A lot of my followers love to hear some of my nightmare stories, and I love to tell them as I feel they definitely can teach which mistakes not to make.

So here is one of those stories:

When I first started investing, I did not have very much capital so my first investment properties were Tax Lien Foreclosures purchased in Bibb County, Georgia, in the City of Macon. At the time, I did not really know how to research Tax Lien Foreclosures properly and had literally no idea what I was buying and how to go about finding out. I figured once I buy it, I will figure out where it is, who owns it, and what kind of property it even is and what I can do with it. In any case I would learn the process. It was my ‘learn-by-doing’ approach.

Don’t do what I did!

Although I do advocate that approach for many learning tasks, it did cost too much in this case.
One of the properties I bought was a commercial building located just across an ‘imaginary’ street line, which divided the ‘good’ part of town and the ‘bad’ part. Up until I looked at the property right AFTER my purchase, I did not know this imaginary line existed, and that it was actually quite un-imaginary, but very real. My property was on the wrong side, about 100 yards. I never drove out to check it before I purchased it, nor did I think 100 yards is a big deal and it still can be considered a ‘good’ area, right? Wrong.

I had very big dreams for this property: In any other town, or other part of THIS town, this building was ideal for a 2 story coffee house, with a library corner, couches, and even several loft-style living quarters on the second floor. I paid roughly $4,000 for this property, it was a 2-story brick building from the 50’s, formerly a convenience store and now boarded up and mostly inhabited by bird nests on the second floor. ‘But it has so much potential,’ so I thought.

Soon after purchasing this property’s tax lien, I started receiving notices from the city that it was ‘uninhabitable’ and a risk for passers-by who could be hit by ‘falling rocks.’ Obviously the city officials were just waiting for a new ‘owner’ who would be scared enough by the notices to remove the property/ tear it down, so they wouldn’t have to do it. I didn’t want to, nor did I have the $30K to tear it down. So henceforth a paper battle started in which I stated my reasons to keep the building alive until I could afford to remodel it, and the city emphasized that it is an eyesore, and dangerous and needs to come down immediately. This went on for quite some time.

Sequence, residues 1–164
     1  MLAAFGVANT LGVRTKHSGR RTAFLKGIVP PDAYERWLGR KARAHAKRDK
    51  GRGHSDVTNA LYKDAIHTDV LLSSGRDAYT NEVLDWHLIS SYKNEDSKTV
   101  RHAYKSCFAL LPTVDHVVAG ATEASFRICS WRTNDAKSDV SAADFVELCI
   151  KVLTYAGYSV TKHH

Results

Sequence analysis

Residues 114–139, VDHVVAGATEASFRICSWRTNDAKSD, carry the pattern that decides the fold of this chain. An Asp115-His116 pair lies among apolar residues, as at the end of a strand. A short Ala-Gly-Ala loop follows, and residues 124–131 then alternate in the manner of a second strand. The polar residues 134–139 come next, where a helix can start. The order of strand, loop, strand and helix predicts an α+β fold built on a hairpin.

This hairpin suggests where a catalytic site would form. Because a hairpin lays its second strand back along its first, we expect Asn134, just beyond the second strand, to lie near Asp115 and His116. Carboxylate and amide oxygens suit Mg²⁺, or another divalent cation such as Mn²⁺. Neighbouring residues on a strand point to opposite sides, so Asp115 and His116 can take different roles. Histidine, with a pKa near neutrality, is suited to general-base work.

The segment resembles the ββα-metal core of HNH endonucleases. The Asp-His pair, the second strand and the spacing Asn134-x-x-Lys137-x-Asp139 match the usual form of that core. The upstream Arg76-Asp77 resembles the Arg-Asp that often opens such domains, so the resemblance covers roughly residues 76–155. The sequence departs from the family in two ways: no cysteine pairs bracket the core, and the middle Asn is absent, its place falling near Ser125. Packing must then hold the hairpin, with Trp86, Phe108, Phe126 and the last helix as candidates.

After a few months of back and forth, and even ‘breaking’ through one of the boarded up windows to look inside (it was in a horrible state, to the point that I almost cried), I had to come up with a solution for this building because the new tax bills were now becoming due, in my name. I guess the city wanted to collect their taxes if they couldn’t tear the place down forcefully.

In this case I had to just cut my losses and I signed a Quit Claim Deed to the original owners and filed it at the courthouse registering the new owners as the old ones. In the process I lost my entire investment ($4K, postage and mailing fees with the city, and a lot of aggravation). However, this was the only way to get rid of a dumpy property in a bad area and no longer be responsible for the taxes.

Don’t do this! Research Tax Lien Foreclosures you are looking to buy, drive to the courthouse and look at the records, drive to the property, talk to people, investigate the neighborhood, and talk to anyone and everyone from the county/ city where you are looking to buy BEFORE you buy. Don’t do what I did!

Until next time: Happy Investing,

Julia M(oney) Spencer, Real Estate Advisor, Investor, and Enthusiast